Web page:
Monday, October 26, 2009

Quasi-Persian Eggplant Stew

Ever since reading my friend Bazu's lovely post about her grandmother, I've had Persian food on my mind. This is a cuisine with which I'm not very familiar apart from a few memorable restaurant experiences; while it shares some elements with my father's Greek heritage (both feel the eggplant love in a big way), there's a certain sweet-smoky-spicy-sour-something that really sets it apart.

Today's recipe came about on a rainy Saturday when our refrigerator had some eggplants burning a hole in its metaphorical pocket; I searched around a bit online, and what resulted was a sort of mash-up of various recipes incorporating the ingredients on hand. So while I make no claims to authenticity, I will say that this was pretty damned good, and it definitely hit the rainy-night-at-home spot, helped along by a pomegranate martini and a showing of The Letter on TMC.

Quasi-Persian Eggplant Stew
~ 4 tbsp. extra virgin olive oil
~ 2 cups onion, chopped
~ 2 tbsp. minced garlic, minced
~ 1 tsp. each: salt, dill, parsley, cumin
~ 1/2 tsp. cinnamon
~ 1/4 tsp. each: nutmeg, cayenne pepper
~ 2 tsp. brown sugar
~ 2 small eggplants, cubed (about 6 cups)
~ 3 cups mushrooms, sliced
~ 2 ripe tomatoes, chopped
~ 1/2 cup vegetable broth or water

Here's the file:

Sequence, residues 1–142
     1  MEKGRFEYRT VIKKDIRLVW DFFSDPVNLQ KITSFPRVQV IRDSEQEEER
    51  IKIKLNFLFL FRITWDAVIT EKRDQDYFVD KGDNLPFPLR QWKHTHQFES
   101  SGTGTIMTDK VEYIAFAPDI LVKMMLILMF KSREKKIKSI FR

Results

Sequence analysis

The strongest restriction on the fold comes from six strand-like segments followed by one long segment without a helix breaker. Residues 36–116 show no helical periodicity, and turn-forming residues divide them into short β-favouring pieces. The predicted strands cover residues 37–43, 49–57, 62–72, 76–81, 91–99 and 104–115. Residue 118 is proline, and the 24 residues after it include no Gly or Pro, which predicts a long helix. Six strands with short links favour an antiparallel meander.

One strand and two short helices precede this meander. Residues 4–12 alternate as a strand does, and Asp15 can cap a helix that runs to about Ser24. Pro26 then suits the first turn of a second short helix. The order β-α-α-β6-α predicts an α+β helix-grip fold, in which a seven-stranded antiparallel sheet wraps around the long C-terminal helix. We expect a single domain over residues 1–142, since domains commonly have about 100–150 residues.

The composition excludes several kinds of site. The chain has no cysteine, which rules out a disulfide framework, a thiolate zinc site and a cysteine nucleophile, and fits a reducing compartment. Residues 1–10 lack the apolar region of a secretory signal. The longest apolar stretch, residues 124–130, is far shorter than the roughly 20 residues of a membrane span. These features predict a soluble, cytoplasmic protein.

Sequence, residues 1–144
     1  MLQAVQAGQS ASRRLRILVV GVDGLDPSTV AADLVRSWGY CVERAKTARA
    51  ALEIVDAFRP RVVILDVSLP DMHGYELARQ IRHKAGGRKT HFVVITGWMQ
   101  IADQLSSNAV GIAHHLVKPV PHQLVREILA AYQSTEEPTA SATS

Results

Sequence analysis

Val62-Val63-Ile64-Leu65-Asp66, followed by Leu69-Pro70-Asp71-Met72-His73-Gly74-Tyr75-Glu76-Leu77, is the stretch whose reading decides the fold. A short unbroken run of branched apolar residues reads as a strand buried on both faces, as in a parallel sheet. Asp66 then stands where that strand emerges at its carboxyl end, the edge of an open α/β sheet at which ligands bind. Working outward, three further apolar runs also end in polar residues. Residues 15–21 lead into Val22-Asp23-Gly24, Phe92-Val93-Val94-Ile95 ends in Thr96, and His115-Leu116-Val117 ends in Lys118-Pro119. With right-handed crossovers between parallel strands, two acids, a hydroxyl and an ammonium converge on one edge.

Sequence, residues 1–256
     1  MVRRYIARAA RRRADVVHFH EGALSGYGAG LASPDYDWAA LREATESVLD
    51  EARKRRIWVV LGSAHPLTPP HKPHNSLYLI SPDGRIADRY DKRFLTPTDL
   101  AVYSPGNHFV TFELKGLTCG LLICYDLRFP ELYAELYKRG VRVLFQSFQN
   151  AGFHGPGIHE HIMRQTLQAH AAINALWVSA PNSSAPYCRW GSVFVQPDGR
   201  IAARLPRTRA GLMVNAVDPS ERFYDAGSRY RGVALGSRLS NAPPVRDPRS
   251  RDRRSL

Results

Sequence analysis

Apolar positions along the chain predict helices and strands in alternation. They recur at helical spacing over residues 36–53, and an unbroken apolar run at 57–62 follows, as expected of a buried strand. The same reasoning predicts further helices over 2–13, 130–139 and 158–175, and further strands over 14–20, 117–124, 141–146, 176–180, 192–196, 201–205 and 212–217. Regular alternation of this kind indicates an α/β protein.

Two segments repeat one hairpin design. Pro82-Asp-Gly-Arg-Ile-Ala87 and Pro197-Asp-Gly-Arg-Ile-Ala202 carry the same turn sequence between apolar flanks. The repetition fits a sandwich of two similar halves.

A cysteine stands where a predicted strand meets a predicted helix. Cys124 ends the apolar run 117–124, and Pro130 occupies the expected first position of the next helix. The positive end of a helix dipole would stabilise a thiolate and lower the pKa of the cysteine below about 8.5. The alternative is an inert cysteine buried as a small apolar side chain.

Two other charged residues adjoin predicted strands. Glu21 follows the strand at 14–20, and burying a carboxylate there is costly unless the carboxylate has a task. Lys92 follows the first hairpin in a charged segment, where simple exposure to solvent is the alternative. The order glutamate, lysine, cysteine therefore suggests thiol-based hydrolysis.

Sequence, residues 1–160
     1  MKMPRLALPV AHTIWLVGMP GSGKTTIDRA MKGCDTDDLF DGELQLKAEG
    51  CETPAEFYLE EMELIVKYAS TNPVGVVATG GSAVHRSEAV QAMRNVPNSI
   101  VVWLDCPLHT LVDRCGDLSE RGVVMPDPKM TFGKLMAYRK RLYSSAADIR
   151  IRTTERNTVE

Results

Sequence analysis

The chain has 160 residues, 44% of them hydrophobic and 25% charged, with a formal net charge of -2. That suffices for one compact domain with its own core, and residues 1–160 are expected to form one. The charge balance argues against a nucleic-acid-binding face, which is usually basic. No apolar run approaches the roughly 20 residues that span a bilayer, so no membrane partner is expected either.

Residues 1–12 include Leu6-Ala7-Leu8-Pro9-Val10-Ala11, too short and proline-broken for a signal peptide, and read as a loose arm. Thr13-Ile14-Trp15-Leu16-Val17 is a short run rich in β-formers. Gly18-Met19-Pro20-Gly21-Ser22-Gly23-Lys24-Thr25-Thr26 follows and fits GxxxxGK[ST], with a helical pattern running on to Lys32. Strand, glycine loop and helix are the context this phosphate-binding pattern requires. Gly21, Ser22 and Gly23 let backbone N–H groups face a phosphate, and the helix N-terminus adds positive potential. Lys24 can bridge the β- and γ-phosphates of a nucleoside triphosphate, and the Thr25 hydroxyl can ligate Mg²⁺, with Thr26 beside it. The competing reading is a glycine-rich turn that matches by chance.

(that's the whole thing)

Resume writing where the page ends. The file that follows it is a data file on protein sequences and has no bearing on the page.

~ Juice of 1 lemon
~ 1 tsp. Liquid Smoke
~ 6 tbsp. tomato paste
~ 1/2 cup plain, unsweetened soy milk
~1 cup toasted chopped walnuts (5-7 minutes on a baking sheet in a 300 degree oven should do it)

~ In a large, deep pot, heat the olive oil and saute the onion 5 minutes over medium-high, until glassy.
~ Stir in the garlic and dry seasonings. Stir to combine and cook another few minutes.
~ Add the eggplant, stir to coat, lower heat to medium and cook 5-7 minutes, until the eggplant begins to soften.
~ Add the mushrooms and cook 5-10 minutes more.
~ Stir in the tomatoes, broth, lemon juice, liquid smoke and tomato paste. Mix thoroughly, raise heat to high and bring briefly to a boil, then cover and turn to low.
~ Simmer for 20 minutes, stirring occasionally to prevent sticking.
~ Add the soy milk and toasted walnuts, stir to combine and remove from heat.
~ Serve hot with rice or couscous, and maybe some garlicky greens on the side.

Saturday, October 24, 2009

Chile Cornmeal-Crusted Tofu Po’ Boys